of Iowa found that every-day products, pets and smoking were the cause of ammonia
emissions and not from CAFOs. Given these air studies, and the fact that industry
is working diligently to provide EPA with monitoring data to assist EPA in its regulatory assessment, it seems clear that this is an example of government actually
working.
I anticipate some discussion today from those who suggest that applying the nations hazardous waste response lawSuperfundto CAFOs is the solution to protecting our communities waters. The prospect of declaring animal manure a hazardous waste and thus regulating under CERCLA deeply concerns me. If animal
manure is found to be a hazardous waste, then virtually every farm operation in
the country could be exposed to liabilities and penalties under this act. Furthermore, how then do we categorize the producers of such hazardous waste? Are
chickens and cows producers of hazardous waste and subject to CERCLA regulation
as well? I do not believe this is what Congress intended. This issue needs a common
sense approach where nature and sound science meet and I look forward to our discussion on it.
CAFOs are already regulated under the Clean Water Act. In 2003, EPA published
a new regulation updating its CAFO program. The Second Circuit Court would later
rule in its Waterkeepers decision that EPA could not require farmers with only
a potential to discharge to have an N.P.D.E.S. permit. The Court correctly found
that the Clean Water Act only regulates actual discharges, not potential discharges.
The EPA will soon finalize a new rule to implement the Courts decision. For those
who call for additional regulation, it is important to note that one of the current
primary regulatory tools has not yet been fully implemented. We need to see how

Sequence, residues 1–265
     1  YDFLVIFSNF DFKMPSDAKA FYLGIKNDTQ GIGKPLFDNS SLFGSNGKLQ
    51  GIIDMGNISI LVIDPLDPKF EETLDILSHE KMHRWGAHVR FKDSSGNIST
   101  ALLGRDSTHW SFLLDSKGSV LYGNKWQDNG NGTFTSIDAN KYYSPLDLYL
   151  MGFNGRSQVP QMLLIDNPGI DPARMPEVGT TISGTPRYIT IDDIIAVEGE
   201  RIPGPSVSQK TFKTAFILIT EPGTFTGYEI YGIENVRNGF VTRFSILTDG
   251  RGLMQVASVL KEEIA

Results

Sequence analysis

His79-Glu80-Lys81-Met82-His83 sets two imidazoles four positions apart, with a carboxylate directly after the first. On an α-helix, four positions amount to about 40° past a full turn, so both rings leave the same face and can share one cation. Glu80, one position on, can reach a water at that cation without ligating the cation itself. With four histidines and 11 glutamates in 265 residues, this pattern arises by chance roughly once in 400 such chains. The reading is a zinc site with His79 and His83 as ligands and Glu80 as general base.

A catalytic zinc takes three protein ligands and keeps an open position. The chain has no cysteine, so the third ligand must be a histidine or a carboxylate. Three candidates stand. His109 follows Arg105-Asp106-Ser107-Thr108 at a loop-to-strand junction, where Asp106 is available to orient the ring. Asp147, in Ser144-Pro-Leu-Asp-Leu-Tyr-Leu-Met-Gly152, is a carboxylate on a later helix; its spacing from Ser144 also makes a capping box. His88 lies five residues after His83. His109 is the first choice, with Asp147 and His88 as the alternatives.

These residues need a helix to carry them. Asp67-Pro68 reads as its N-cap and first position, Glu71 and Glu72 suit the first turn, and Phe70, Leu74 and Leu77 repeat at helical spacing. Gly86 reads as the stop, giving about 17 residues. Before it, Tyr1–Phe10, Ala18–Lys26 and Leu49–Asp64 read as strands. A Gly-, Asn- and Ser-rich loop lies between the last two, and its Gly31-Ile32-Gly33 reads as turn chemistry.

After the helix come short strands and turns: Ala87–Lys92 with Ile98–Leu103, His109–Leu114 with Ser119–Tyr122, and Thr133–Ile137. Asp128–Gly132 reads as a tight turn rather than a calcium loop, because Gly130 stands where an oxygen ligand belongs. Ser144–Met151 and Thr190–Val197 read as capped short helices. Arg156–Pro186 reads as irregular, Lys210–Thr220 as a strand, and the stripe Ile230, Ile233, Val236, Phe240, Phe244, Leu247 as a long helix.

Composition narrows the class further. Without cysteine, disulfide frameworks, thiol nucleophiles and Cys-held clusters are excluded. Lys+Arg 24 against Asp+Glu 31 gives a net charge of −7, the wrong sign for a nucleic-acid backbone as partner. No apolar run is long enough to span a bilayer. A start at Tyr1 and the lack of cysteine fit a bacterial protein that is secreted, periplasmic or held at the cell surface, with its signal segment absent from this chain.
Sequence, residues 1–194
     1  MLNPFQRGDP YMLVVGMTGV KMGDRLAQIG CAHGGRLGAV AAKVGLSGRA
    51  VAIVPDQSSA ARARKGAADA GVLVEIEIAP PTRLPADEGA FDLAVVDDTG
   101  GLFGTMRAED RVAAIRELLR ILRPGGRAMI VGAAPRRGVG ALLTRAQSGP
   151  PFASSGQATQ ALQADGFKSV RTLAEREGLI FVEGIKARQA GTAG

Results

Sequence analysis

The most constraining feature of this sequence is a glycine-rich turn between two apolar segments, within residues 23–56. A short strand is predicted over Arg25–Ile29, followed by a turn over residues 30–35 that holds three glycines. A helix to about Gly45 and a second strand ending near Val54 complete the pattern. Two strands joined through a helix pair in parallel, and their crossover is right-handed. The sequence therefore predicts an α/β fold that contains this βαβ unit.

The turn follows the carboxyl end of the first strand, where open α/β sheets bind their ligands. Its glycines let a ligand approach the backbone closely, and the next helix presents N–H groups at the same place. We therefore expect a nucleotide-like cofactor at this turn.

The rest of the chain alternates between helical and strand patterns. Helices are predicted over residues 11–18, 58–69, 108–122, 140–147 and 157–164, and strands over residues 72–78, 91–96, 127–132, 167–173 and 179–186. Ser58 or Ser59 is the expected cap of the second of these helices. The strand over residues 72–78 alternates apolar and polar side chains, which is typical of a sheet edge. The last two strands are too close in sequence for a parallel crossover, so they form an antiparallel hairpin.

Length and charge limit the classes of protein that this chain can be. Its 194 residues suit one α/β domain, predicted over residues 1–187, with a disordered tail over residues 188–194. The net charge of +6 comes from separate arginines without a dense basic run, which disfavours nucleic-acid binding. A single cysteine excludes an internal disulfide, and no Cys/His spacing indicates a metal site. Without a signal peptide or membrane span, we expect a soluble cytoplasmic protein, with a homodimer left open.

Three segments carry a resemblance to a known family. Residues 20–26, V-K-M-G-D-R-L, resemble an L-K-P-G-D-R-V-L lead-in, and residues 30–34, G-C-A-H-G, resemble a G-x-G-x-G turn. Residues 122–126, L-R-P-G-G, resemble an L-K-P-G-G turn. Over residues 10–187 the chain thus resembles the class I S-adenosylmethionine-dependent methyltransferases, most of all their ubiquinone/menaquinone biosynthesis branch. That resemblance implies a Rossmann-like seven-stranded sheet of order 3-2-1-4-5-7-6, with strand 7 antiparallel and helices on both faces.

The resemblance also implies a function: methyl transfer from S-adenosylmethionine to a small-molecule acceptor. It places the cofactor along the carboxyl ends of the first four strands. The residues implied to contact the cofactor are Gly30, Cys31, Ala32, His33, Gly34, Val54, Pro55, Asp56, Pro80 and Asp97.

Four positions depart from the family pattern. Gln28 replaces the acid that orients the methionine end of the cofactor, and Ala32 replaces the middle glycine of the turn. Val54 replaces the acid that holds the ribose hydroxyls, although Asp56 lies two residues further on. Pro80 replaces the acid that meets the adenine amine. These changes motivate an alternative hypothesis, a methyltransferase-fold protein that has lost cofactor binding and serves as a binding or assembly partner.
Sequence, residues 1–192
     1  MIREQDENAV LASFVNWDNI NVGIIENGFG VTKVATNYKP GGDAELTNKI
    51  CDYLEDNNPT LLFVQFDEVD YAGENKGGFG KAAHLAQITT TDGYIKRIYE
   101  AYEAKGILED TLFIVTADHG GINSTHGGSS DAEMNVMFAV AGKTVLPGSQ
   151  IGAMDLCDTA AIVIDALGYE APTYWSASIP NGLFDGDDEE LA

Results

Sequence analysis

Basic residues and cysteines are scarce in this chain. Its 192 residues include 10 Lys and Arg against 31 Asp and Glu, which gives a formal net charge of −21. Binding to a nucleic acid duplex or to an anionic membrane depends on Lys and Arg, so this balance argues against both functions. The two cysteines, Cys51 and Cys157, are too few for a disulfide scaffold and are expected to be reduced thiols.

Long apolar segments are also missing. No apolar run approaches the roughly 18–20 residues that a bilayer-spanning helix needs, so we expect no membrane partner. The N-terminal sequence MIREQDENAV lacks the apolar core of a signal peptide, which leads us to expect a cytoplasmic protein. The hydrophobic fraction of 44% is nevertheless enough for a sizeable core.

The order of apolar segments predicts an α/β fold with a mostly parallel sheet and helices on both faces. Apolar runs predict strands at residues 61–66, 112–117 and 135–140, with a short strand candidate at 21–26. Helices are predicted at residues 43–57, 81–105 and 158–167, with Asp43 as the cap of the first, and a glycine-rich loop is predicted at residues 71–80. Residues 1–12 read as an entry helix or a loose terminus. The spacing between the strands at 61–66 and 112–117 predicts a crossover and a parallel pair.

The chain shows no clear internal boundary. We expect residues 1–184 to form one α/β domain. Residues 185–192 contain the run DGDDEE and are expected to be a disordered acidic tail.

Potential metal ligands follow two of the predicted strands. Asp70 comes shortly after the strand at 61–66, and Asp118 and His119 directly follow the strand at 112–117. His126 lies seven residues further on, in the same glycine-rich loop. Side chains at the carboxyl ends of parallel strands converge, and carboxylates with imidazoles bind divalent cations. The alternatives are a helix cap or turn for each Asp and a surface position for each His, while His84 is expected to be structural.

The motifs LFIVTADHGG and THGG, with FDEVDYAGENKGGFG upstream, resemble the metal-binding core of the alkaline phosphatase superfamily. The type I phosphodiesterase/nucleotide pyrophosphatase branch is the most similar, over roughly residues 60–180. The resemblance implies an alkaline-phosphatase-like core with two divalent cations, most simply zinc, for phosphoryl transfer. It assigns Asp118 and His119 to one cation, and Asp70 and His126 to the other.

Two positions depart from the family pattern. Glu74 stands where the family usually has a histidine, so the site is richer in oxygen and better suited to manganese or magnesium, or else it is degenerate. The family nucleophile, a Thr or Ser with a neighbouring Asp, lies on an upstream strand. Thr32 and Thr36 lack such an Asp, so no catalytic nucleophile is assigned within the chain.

EPAs soon-to-be published rule, which for the first time regulates land application
of nutrients, improves water quality.
Both Mr. Dove and Professor Dicks speak of converting manure into energy. This
is innovation that would contribute to our nations energy supply while addressing
concerns about excess animal waste. Most people know that Oklahoma is a leader
in the oil and gas world but Oklahoma also leads in developing innovative energy
technologies. For example, I have highlighted the Noble Foundations work with bioenergy crops while chairman and ranking member. Before the recess, I added a pro-

17
vision to the Senate energy bill that would promote geothermal energy for GSA
buildings. Oklahoma Citys Climatemaster is a national leader in this growing field.
We need to encourage innovation in all fields, including animal waste.
This is an important hearing that will allow us to take a comprehensive look at
the numerous Federal, State and local initiatives and authorities that already exist
to address any pollution concerns related to livestock production. I look forward to
hearing from all of our witnesses.

Senator BOXER. We are very happy you are back.


Now it is my honor to introduce Drew Edmondson, Attorney General, Oklahoma Office of Attorney General.
Welcome, sir.
STATEMENT OF DREW EDMONDSON, ATTORNEY GENERAL,
OKLAHOMA OFFICE OF ATTORNEY GENERAL

Mr. EDMONDSON. Thank you. Thank you, Madam Chair, and


thank you, Senator Inhofe, for your invitation to appear here this
morning and, Senator Inhofe, thank you for being safe home from
Iraq too. I appreciate that.
My written statement is obviously too lengthy to read, and I
would ask that it be considered part of the record.
Senator BOXER. Without objection, so ordered.
Mr. EDMONDSON. In 2005, the State of Oklahoma filed a lawsuit
after 3 years of unsuccessful negotiation against the major poultry
companies in western Arkansas and eastern Oklahoma over degradation of the Illinois River watershed due to the surface application of poultry waste for many, many years.
Madam Chair, CAFOs are not normal agricultural operations
which are exempt under CERCLA. These are not chickens in a
yard, and you throw grain down and feed them and go in the next
morning and see if they laid any eggs.
These are houses that hold as many 25,000 birds at a time. They
turn over 4 to 5 crops a year which means a single house will have
a 100 to 125,000 birds in it in a year, and a typical poultry farm
will have from 3 to 20 houses. So you are talking about an enormous amount of waste that is generated at an industrial level by
these operations.
The amount of phosphorus that is generated in the Illinois River
watershed alone from these poultry operations would equal the untreated human waste of 10.7 million human beings, more than the
population of Oklahoma, Arkansas and Kansas combined.
If we would contemplate, for just a second, taking the human
waste of 10.7 million human beings and simply surface applying it
to the land rather than sending it to treatment facilities, that is